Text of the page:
DECEMBER ALBUM OF THE MONTH
To this day, I clearly remember the first time I heard a Dust Coda song. I remember too, the reaction after I first played that song on air the following week. When a song can take you back to the time, the place, the feeling of the first time you heard it, it’s usually because the music is extraordinary.
The song in question was the live EP version of ‘Sweet Love’ – the yellow sleeve, the intense but arresting vocals, the panoramic mood and the control in the gradual build. That was back in 2016 and it’s a song we still play today. Like the more recent ‘Early Days’ tapes we premiered on air during lockdown, there is a raw magnetism, a rootsy authenticity with The Dust Coda’s music that just draws you in. There’s no smash and grab here, no glitzy marketing or lofty hype. The Dust Coda are the modern-day epitome of rock n roll truth – in terms of the quality of what they do, the thought in how they arrange it and the natural talent that permeates through the music. They don’t look the most comfortable when dressed up for photoshoots, nor were they the first to jump onto the streaming bandwagon during lockdown. But when the ‘Early Days’ tapes landed, it was an immediate reminder that it is talent and quality that wins the race and – with Earache now behind them – there is a clear sense that these boys are on the cusp of something quite special.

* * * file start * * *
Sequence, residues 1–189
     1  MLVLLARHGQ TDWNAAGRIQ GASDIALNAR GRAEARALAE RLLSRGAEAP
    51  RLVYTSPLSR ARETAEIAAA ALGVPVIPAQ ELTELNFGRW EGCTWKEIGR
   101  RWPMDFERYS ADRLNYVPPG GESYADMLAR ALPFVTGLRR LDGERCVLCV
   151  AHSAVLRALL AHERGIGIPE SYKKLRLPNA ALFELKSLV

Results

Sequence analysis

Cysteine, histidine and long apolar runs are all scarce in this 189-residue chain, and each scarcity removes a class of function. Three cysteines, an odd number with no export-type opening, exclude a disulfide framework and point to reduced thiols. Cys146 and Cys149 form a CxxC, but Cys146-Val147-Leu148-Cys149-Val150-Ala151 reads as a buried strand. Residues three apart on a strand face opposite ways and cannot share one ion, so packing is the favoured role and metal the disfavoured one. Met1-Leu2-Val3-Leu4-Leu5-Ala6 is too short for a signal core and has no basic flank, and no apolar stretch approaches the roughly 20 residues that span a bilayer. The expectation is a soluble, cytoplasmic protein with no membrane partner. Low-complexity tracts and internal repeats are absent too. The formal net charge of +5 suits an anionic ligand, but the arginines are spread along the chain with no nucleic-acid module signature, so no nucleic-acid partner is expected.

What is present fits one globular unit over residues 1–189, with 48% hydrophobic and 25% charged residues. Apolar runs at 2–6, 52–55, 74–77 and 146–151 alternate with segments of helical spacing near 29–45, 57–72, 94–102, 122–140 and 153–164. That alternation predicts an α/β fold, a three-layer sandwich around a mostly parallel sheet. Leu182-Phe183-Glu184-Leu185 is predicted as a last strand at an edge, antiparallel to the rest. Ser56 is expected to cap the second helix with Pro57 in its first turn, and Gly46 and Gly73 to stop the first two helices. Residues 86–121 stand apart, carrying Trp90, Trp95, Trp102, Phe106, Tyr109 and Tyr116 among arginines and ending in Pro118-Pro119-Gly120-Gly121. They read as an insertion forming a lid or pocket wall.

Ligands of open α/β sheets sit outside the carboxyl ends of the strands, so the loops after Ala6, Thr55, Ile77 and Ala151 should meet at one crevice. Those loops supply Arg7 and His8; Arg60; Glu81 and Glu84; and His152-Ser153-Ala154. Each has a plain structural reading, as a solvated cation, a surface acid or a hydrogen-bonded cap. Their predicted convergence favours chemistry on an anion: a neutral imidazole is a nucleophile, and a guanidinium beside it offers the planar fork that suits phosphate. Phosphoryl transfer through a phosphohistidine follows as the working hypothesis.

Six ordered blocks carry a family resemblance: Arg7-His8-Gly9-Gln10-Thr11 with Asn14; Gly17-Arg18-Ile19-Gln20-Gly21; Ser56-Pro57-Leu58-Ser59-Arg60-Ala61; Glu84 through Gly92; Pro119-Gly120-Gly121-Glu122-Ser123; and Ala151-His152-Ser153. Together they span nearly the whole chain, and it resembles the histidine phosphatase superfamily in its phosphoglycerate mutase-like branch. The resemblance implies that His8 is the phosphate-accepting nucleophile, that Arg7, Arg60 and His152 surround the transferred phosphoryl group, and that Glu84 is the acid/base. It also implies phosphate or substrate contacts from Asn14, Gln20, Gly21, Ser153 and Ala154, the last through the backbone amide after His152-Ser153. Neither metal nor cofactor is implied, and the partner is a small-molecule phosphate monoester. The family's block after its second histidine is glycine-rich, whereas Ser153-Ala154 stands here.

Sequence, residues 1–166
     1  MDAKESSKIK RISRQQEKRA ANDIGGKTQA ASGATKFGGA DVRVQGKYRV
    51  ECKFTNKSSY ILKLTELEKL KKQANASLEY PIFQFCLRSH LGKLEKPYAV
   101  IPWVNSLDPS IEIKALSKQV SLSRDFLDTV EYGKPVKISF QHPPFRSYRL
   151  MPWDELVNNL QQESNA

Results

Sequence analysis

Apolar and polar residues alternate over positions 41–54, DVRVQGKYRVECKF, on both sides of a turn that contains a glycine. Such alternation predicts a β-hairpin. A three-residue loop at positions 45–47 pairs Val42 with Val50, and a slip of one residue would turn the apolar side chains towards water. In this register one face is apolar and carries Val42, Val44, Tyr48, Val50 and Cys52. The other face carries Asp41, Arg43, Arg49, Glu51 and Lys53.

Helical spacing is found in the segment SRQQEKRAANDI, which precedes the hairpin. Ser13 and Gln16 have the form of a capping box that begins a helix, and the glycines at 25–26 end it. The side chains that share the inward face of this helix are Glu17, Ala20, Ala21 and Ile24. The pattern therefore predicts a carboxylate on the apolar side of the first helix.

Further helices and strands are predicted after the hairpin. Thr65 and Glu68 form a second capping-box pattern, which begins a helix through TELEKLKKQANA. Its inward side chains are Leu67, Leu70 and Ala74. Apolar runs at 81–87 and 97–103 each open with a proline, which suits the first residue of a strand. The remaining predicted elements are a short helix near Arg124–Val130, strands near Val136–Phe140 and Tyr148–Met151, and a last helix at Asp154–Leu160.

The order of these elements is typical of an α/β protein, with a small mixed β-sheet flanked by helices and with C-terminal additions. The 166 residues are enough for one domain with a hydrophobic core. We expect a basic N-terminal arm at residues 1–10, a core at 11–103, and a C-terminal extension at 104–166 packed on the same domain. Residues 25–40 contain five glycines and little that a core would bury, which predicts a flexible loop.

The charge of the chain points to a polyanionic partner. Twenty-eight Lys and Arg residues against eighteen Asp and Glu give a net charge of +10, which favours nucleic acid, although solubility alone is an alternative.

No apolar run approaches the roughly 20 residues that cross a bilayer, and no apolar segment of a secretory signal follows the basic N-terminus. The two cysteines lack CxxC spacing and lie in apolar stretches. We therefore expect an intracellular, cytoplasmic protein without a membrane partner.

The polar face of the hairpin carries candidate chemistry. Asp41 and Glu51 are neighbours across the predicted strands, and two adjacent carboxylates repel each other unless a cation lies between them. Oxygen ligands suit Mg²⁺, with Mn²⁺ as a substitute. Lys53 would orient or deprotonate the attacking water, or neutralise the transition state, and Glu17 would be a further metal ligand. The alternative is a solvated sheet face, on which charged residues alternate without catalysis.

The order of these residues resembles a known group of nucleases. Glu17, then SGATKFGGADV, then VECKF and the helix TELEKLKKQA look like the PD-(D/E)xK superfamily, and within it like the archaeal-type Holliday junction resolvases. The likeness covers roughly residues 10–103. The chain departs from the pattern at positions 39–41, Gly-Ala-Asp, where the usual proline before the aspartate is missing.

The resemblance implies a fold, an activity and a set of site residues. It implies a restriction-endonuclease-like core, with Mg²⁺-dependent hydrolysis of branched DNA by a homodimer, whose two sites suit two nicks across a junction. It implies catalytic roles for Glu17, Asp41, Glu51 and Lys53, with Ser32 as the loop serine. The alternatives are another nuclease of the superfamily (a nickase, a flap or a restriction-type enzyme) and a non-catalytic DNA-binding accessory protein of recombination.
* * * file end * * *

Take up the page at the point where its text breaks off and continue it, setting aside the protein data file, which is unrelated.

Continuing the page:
‘Mojo Skyline’ is chalked as an early 2021 release, but I’ve called it as the final review of this year because, as a body of work, it was recorded in 2020 and it is a product of an unprecedented year. I can think of no better way to put a full-stop on a year of pain, suffering, isolation and fear than with an album that breathes fire; an album that is full of life, energy and hope – executed with the arresting excitement and verve of live rock n roll performance.